Once the team had collected data via these numerous channels, they needed a way to process it into voluble data. “We needed to be able to bring this data to life in a way that was quantifiable. With the help of Geomagic Wrap we were able to do just that,” said Collins. Geomagic Wrap is a high-performing reverse engineering software primarily used for surface modeling. However, Collins and her team were able to take Geomagic Wrap to new levels as a multiplexer for their various forms of data.
The LiDAR imagery was converted to digital data and imported into Geomagic Wrap to create surface comparisons from before the event. Point cloud data from the terrestrial 3D scans, as well as subsurface measurement data from the GPR and from a hand probe survey to examine sinkhole depths, were all imported into Geomagic Wrap and integrated with the drone elevation data. Once everything was combined into the single Geomagic Wrap platform, Collins and her team were able to create a series of surface and subsurface models of the disaster. “The new features and measurement of Geomagic Wrap have made it easy to collect and analyze many different forms of data in a single software application,” said Collins. Several printed and digital versions of the model were compared to one another over time as a way to measure the ever-changing sinkhole in a way that would have been undetectable to the naked eye. The models produced were also shared through the USF Libraries digital collections, allowing researchers, students, decision makers, and the public open access to the information.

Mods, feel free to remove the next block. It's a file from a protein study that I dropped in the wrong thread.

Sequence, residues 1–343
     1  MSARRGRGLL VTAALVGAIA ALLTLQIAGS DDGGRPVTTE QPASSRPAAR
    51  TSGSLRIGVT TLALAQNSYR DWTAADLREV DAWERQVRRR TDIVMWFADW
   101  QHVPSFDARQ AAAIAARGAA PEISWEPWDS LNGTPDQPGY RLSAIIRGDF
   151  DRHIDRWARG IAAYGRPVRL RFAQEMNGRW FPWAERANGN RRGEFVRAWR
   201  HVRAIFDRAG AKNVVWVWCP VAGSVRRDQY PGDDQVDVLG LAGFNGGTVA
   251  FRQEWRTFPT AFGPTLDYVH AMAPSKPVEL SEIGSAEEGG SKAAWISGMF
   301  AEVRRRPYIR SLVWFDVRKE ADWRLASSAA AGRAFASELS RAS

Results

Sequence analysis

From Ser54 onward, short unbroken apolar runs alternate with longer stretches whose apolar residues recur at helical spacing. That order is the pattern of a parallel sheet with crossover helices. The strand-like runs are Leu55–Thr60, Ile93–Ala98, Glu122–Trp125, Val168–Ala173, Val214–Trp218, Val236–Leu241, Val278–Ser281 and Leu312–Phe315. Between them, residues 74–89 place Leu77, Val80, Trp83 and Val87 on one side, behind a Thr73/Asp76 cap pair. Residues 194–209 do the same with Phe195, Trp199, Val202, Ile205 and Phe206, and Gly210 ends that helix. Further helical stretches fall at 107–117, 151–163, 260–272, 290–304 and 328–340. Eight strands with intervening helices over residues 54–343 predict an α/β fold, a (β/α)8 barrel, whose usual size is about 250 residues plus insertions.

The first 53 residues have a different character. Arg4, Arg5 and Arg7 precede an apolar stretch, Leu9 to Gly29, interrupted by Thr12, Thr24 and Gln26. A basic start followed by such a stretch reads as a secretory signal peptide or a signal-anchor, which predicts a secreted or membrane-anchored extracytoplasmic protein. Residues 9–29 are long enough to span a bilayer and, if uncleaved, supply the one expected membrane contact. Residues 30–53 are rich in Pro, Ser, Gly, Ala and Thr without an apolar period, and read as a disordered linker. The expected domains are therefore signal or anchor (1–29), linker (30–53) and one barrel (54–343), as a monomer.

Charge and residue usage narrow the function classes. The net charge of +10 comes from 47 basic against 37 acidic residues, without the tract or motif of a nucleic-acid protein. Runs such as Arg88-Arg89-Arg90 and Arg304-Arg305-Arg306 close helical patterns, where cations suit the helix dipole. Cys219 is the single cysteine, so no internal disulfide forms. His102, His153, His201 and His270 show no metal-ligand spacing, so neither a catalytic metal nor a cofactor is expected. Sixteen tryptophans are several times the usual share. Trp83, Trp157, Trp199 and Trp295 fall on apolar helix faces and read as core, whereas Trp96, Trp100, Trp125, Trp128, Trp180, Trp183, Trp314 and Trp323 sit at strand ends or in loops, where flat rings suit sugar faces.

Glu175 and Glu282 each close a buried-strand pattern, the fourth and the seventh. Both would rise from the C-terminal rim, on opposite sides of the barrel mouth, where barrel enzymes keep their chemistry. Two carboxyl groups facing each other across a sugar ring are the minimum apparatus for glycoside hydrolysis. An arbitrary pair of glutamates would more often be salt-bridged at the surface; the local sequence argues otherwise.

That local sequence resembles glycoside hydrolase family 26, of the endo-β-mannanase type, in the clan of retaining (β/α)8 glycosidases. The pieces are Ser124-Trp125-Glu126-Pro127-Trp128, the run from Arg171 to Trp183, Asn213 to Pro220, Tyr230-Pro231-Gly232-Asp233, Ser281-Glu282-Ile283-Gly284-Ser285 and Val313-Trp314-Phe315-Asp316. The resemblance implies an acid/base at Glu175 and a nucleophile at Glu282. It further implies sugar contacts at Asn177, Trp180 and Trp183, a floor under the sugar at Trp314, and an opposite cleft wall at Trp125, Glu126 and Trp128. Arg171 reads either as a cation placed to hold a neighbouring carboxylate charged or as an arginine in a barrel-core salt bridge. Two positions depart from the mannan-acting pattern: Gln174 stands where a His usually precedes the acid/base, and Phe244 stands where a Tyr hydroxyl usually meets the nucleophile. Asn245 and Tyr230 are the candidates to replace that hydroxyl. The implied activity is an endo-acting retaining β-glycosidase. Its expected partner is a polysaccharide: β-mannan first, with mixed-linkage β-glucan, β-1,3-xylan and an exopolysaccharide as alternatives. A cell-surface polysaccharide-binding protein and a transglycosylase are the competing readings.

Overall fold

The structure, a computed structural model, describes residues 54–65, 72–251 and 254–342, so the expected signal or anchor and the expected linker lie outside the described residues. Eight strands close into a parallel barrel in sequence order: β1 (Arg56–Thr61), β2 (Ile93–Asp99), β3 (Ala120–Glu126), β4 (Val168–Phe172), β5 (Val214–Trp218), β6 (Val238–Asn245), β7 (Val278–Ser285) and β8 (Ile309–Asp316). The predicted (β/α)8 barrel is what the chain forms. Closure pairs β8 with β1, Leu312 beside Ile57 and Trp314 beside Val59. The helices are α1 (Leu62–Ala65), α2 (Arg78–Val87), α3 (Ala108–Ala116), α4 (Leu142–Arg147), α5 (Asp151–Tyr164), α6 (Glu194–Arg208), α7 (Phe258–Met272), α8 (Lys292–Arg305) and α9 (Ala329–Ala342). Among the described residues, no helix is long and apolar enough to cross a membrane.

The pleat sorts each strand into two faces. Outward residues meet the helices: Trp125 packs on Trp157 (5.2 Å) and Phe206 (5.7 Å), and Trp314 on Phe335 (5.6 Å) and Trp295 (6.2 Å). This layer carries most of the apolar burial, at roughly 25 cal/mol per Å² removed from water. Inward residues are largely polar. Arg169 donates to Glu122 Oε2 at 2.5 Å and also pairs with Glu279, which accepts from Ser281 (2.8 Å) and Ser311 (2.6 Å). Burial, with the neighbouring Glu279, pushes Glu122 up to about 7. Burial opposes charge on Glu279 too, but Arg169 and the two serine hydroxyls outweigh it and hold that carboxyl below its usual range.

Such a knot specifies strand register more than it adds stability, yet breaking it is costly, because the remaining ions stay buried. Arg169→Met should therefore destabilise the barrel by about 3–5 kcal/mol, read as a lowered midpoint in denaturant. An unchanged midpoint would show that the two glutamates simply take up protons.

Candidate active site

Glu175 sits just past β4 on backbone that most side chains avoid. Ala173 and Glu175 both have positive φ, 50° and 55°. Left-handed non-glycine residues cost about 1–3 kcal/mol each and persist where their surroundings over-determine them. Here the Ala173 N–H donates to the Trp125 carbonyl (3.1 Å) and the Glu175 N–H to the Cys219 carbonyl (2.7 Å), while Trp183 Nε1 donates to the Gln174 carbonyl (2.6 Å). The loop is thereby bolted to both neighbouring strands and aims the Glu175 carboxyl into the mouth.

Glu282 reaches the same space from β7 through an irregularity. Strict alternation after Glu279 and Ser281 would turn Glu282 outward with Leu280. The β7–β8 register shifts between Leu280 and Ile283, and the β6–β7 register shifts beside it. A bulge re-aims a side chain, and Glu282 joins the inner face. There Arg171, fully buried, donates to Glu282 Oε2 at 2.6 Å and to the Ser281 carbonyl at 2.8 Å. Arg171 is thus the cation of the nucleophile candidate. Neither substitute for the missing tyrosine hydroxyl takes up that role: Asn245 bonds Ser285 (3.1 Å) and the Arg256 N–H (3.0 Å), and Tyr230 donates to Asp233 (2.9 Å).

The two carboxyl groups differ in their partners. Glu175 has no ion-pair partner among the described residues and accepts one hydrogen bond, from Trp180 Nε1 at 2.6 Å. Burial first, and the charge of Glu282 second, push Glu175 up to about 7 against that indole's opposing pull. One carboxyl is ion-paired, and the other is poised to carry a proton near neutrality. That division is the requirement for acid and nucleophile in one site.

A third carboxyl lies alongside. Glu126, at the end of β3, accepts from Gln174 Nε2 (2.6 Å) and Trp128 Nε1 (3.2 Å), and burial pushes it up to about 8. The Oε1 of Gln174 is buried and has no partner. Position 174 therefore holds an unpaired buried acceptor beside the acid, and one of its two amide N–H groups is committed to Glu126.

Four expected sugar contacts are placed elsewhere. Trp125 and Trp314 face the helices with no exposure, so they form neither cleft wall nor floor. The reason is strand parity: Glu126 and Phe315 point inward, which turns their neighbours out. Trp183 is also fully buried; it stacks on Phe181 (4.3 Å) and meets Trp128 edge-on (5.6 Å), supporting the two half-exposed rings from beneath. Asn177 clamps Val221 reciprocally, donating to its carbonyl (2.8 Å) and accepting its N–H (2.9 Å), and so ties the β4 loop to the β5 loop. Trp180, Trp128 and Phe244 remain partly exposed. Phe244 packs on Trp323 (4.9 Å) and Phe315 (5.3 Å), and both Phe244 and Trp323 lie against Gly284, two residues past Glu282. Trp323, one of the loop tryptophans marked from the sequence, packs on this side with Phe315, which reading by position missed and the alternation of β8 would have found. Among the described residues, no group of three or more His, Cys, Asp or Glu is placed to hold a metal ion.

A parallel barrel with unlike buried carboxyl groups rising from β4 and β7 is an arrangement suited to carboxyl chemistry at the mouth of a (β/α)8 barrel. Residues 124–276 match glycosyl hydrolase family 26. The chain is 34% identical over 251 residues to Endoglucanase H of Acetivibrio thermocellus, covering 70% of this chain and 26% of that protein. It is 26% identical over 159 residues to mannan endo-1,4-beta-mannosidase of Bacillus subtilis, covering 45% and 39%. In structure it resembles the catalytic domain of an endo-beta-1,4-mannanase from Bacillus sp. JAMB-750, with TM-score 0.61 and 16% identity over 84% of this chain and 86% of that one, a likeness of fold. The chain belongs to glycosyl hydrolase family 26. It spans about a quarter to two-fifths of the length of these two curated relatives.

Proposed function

In addition to comparing the sinkhole to itself, 3D data was used to evaluate the elevation of the sinkhole’s water level as it related to that of a neighboring lake. This data was crucial in assessing how the sinkhole may or may not have been related to the lake and provided a measureable way of looking at it. Collins says, “This type of capability is crucial to the study and understanding connectivity and morphological processes.” Having open access to the models was a part of the workflow that was also greatly improved and made faster through the use of Geomagic Wrap.